Coming in April: UESP’s growth accelerates.

*Rated “Gold” or its equivalent by Morningstar 2004-2007, 2009, and 2011-2015; rated “Silver” or its equivalent in 2008 and 2010. The Morningstar Analyst Rating® for 529 College-Savings Plans is not a credit or risk rating. To determine an Analyst Rating, Morningstar’s analysts consider five factors: the plan’s strategy and investment process; the plan’s risk-adjusted performance; an assessment of the individuals managing the plan’s investment options (people); the stewardship practices of the plan’s administration and parent firm (together, parent); and whether the plan’s investment options are a good value proposition compared to its peers (price). Plans are then assigned forward-looking ratings of “Gold,” “Silver,” “Bronze,” “Neutral,” and “Negative.” The top three ratings (Gold, Silver, and Bronze) indicate that Morningstar’s analysts think highly of a 529 plan; the differences correspond to the level of analyst conviction in the ability of a plan’s investment options to collectively outperform their respective benchmarks and peers through time, within the context of the level of risk taken. Morningstar does not rate all 529s every year; it rated just 63 of 93 Plans in 2015.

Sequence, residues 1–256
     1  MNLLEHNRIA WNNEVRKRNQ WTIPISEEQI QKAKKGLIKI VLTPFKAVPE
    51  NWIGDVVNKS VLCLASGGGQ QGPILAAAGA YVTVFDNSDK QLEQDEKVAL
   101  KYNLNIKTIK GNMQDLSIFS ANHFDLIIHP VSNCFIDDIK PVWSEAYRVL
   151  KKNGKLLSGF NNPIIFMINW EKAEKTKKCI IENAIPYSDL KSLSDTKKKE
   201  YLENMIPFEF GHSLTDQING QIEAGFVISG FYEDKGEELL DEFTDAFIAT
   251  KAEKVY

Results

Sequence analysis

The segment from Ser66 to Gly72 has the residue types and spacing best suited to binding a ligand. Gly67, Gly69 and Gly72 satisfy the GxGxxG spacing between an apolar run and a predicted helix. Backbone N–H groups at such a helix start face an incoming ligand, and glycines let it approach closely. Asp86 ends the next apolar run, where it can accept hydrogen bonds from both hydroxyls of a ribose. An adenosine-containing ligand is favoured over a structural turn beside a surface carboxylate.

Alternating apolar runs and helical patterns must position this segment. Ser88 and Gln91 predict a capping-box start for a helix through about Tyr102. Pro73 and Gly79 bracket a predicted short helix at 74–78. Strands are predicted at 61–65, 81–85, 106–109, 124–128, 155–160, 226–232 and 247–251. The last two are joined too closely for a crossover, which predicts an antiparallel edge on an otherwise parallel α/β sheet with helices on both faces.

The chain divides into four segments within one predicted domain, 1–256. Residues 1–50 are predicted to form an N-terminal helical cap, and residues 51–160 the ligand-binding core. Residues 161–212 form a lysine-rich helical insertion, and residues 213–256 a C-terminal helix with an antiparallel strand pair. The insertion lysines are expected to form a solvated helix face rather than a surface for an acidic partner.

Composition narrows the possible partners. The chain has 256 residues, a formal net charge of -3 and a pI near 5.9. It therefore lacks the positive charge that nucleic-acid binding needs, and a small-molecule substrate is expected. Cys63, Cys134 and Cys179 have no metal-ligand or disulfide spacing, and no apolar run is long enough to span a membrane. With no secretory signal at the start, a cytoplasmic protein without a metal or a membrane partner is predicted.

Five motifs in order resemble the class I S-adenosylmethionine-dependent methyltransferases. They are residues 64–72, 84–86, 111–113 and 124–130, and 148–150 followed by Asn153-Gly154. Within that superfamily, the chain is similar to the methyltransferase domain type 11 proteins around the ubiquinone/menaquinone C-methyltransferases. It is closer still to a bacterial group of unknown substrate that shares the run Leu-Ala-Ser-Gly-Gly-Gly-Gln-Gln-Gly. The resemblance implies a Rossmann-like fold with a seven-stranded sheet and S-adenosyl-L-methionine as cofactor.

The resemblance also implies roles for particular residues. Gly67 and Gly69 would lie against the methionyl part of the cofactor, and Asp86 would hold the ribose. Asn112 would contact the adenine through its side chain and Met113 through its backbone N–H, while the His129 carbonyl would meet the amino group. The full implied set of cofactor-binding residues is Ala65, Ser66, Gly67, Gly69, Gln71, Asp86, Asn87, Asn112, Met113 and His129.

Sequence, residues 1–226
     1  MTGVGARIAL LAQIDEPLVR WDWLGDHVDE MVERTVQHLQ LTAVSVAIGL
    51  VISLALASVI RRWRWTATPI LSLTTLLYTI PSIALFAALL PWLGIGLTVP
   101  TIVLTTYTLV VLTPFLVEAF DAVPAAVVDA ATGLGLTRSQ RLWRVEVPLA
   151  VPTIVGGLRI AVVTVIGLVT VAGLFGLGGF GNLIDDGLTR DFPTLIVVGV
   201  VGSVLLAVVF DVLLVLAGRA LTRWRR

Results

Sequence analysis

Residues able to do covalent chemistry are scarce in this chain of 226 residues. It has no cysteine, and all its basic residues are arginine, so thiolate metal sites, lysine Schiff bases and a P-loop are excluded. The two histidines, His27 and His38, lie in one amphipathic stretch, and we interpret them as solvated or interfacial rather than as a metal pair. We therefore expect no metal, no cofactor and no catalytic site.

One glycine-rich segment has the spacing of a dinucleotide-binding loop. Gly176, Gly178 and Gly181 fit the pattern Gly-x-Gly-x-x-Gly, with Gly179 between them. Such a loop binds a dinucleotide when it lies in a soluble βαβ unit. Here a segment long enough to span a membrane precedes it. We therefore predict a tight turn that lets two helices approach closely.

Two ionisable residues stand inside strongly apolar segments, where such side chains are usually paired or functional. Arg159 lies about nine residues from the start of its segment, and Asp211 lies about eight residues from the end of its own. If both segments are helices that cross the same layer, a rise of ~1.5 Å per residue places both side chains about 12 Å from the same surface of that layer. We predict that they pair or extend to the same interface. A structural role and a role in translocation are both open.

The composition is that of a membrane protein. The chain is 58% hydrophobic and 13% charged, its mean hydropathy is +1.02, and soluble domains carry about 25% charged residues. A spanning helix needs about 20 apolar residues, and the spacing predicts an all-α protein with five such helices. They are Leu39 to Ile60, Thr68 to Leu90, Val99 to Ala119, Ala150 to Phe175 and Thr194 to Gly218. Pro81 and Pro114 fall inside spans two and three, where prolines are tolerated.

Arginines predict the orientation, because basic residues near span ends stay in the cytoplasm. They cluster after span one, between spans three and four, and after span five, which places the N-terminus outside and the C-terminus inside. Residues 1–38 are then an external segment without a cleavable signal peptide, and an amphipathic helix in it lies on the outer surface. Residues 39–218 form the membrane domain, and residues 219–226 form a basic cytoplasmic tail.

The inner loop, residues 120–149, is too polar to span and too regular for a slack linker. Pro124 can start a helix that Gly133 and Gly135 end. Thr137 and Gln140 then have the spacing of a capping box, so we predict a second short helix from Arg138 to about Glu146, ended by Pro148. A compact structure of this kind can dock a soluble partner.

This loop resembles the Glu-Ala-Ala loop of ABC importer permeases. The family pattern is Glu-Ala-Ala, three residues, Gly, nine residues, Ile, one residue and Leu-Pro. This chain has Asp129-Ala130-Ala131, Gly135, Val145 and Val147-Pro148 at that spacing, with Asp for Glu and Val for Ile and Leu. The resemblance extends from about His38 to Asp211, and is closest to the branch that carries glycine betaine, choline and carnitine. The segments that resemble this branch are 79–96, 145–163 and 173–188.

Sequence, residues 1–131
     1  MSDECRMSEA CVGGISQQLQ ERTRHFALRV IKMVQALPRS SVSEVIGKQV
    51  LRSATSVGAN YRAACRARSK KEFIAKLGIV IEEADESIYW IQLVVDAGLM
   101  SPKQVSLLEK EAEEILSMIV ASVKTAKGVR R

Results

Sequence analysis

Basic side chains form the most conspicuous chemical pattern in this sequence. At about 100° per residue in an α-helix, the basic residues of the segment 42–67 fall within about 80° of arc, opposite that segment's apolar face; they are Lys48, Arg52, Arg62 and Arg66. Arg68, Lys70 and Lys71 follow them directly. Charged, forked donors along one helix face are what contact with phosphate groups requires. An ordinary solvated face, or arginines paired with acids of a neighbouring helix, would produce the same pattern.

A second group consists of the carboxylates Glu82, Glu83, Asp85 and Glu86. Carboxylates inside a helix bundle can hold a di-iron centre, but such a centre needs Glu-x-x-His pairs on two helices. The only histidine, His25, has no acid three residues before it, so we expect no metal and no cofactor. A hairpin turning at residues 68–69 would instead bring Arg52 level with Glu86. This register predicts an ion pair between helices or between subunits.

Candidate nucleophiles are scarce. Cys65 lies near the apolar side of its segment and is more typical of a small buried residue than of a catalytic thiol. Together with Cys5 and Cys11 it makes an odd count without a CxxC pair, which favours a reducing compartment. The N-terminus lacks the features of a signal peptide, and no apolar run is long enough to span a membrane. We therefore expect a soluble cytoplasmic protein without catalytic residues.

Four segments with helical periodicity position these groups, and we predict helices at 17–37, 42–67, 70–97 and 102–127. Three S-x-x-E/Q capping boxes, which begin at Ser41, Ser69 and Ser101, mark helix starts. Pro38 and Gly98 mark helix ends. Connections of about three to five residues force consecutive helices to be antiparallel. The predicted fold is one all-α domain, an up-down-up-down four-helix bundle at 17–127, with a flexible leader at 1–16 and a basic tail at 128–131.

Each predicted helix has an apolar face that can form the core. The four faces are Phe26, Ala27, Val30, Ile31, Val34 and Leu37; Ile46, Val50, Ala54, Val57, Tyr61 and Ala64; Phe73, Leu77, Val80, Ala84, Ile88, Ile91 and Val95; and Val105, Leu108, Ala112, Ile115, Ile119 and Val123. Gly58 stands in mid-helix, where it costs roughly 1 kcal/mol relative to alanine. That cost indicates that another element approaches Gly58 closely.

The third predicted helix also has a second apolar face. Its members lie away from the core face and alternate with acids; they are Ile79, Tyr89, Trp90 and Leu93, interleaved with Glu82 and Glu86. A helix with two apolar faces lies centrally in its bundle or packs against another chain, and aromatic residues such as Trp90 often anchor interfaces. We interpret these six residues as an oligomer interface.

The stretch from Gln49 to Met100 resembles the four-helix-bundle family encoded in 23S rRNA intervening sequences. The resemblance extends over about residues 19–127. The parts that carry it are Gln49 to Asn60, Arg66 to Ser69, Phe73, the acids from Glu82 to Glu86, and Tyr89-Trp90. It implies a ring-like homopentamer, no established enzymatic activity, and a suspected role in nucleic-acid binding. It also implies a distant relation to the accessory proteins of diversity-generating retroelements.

Analyst Ratings are subjective in nature and should not be used as the sole basis for investment decisions. Analyst Ratings are based on Morningstar analysts’ current expectations about future events and therefore involve unknown risks and uncertainties that may cause Morningstar’s expectations not to occur or to differ significantly from what was expected. Morningstar does not represent its Analyst Ratings to be guarantees.

Please visit Morningstar.com for more information about the Analyst Ratings, as well as other Morningstar ratings and fund rankings.